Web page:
Quiet quitting is a real thing and it’s happening in your workplace
Quiet quitting could be costing your company dearly, but research shows there’s a very simple way to keep your people engaged - and you can start doing it today!
‘Quiet quitting’ - it’s a term you might have heard recently, and it’s a worrying new trend for employers. But what does it mean? Unfortunately, it’s not when employees give up smoking, or some other vice, and fail to boast to colleagues… it’s much more insidious.
Quiet quitting refers to disengaged workers who, rather than leave the jobs they’re unhappy with, have simply decided to stop putting the effort in. This gradual disengagement spreads across workplaces and it’s something you might not notice happening until it’s too late.
According to a Gallup report, quiet quitting is already a big problem; they state only 21% of employees worldwide are “actively engaged” at work. Let’s just stand back and appreciate that stat for a second - that could mean a whopping 79% of staff in your organisation are not engaged! But these are global figures, perhaps the quiet quitting situation is not as bad in the UK?
How many people are quiet quitting in the UK?
A YouGov poll of British workers found that only 20% of people admit to “not trying hard” or “doing the bare minimum”. It’s a more conservative number, but before UK employers breathe a sigh of relief thinking quiet quitting won’t happen to them, they need to dig into the data a little further. Unfortunately, the research still paints a concerning picture.
What we see is that younger people are notably less likely to say they’re going the extra mile in their jobs than their older counterparts. For example, 43% of workers aged over 50 said they are giving “maximum effort” at work, in comparison to 33% of Millennials and just 22% of Gen Z. So although younger people might not have completely tapped out from their jobs, they aren’t engaged in the same way as workers of the older generation.
When it comes to how much effort should be devoted to one's job, there’s a marked difference in attitudes between the demographics: 67% of workers aged 18-29 say that “employees should only do the work they are paid for – no more, no less”. On the other hand, 54% of Boomers believe employees should always try to “go above and beyond” at work.
Why quiet quitting is likely to get worse in future
This belief among younger workers that they should do only the minimum their employers expect puts them at far greater risk of quiet quitting. They are evidently much less likely to feel guilty about slacking off if they don’t feel their efforts are being recognised. And with greater numbers of Gen Z joining the workforce each year, it’s easy to see how those quiet quitting statistics could get a lot worse.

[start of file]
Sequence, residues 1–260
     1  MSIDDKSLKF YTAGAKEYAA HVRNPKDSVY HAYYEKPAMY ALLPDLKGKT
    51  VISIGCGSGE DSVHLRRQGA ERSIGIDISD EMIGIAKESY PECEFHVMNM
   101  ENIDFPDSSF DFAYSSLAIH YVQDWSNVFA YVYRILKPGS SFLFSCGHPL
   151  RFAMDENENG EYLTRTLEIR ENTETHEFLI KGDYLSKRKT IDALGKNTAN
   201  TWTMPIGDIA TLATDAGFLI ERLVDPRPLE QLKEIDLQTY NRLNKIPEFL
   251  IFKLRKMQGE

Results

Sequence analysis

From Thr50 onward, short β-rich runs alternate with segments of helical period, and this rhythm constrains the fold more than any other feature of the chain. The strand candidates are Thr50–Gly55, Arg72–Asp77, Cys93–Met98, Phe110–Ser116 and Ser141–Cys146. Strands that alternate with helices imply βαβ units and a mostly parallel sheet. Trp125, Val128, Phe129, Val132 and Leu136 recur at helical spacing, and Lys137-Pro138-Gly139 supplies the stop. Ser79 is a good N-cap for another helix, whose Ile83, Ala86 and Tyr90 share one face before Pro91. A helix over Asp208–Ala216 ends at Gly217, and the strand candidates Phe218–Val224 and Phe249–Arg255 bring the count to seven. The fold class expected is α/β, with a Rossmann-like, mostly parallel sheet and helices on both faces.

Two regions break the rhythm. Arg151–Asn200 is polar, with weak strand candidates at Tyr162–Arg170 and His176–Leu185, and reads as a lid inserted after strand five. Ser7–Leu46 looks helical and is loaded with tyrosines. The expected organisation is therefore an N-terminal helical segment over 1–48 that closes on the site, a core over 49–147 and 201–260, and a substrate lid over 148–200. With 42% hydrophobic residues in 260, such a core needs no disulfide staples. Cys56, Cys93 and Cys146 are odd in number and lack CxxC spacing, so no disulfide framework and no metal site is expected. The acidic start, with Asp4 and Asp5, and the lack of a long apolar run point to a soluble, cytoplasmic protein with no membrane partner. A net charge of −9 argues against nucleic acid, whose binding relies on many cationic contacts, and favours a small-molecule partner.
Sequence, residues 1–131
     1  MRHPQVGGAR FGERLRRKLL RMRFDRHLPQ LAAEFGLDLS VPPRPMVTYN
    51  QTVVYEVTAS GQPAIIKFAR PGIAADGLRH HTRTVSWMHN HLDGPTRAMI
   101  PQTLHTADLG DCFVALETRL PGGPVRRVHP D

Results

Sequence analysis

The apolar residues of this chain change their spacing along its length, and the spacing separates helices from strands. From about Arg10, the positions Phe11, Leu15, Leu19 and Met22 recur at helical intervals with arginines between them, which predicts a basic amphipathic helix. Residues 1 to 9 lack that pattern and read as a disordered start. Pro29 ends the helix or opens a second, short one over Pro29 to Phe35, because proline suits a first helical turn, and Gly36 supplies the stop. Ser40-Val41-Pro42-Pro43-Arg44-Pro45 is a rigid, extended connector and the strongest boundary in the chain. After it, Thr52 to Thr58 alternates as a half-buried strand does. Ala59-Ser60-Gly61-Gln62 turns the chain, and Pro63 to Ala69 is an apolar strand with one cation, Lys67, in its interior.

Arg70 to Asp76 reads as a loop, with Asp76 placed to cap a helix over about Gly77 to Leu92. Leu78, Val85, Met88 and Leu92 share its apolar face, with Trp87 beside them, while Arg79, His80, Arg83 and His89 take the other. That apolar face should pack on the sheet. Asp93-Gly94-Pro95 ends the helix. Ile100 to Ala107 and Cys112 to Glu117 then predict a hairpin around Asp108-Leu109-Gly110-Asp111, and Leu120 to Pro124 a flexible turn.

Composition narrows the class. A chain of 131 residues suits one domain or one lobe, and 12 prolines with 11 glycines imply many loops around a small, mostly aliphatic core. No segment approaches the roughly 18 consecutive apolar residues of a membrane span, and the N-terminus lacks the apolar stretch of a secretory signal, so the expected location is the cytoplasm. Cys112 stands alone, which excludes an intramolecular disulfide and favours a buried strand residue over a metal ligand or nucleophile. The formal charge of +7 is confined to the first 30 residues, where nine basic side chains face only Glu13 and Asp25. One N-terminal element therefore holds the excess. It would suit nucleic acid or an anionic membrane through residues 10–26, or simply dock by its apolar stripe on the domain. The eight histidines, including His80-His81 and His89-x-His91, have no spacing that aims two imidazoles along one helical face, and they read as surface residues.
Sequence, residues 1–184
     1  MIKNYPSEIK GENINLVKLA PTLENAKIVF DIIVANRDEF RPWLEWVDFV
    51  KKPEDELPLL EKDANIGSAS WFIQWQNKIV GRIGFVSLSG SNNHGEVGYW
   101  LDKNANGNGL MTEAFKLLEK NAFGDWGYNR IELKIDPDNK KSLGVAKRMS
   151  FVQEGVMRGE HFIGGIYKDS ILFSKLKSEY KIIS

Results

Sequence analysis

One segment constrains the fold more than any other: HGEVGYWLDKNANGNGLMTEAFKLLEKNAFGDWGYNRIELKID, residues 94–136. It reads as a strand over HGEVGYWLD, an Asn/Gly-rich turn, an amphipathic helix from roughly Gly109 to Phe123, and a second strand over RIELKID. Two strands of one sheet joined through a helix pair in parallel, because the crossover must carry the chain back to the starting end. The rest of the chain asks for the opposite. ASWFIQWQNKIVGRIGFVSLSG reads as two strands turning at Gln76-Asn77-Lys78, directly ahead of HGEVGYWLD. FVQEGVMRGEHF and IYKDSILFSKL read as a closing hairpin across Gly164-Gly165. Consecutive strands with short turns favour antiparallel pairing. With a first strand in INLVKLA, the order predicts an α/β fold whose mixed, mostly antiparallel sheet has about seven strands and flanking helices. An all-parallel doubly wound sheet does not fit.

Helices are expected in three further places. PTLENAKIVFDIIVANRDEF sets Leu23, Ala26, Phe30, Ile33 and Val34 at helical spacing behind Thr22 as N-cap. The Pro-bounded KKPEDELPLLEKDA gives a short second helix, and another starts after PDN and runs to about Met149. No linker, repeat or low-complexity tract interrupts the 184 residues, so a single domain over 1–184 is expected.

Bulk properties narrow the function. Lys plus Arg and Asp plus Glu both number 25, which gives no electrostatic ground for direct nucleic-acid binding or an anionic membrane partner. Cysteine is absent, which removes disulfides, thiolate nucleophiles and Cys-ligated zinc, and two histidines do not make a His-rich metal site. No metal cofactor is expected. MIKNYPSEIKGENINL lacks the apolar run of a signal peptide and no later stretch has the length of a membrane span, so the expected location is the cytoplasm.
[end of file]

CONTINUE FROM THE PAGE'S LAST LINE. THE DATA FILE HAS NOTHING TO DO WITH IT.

It’s already estimated that employees who are not engaged (or who are actively disengaged) cost the world $7.8 trillion in lost productivity. That's equal to 11% of global GDP, so it’s clear that it’s a trend that employers need to quickly nip in the bud.
One issue identified by Gallup is that the workplace has gotten worse for young people since the pandemic, and that’s almost certainly contributing to the quiet quitting phenomenon. Since coronavirus turned workplaces on their heads, data shows that younger workers feel significantly less cared about and believe they have fewer opportunities to develop.
Working remotely has been a challenge for people who are newer to the world of work. While those who are present in the office have found it hard to bond with key team members who are absent because they themselves are working from home. On top of this, post-pandemic workers have had fewer opportunities to enjoy workplace social benefits like lunches and after work drinks.
These factors together have led to a decline in engagement and employer satisfaction among employees aged below 35.
Quiet quitting can be stopped by giving more recognition
Fortunately, research into quiet quitting hasn’t just looked at the problem; it’s also investigated the solution. And according to an OC Tanner Learning Group white paper there is a simple way to prevent quiet quitting in your organisation. Nearly 80% of employees report that if they were given more recognition by managers and leaders they would remain engaged in their jobs.
It’s astonishing really that all that people have been crying out for is a bit of gratitude and yet it’s costing companies billions! So, what can you do? OC Tanner says that managers should offer “frequent, specific and timely recognition”. Research shows that taking this action accelerates engagement scores by as much as two or three times.
It works in all types of workplaces, even ones with poor opportunities. But when recognition is added into the mix at a ‘good’ company it can drive employee engagement to an incredible 92% (that’s a much more encouraging stat, isn’t it?).
Ready to start giving your employees the recognition they deserve? Employers can give recognition in a variety of ways, including:
Verbal/written praise 🙏🏻
Internal company awards 🏆
Cash bonuses or salary increases 💰
Gifts and treats 🎁
A great employee recognition scheme will mix all of the above, making staff feel acknowledged throughout the year and working to close the engagement gap between leaders and employees. Huggg helps you to do this by equipping companies with the tools to gift at scale. We make it easy to recognise employee milestones, while still honouring team members’ individuality.
This helps you to foster authentic connections and create a meaningful work environment for your employees.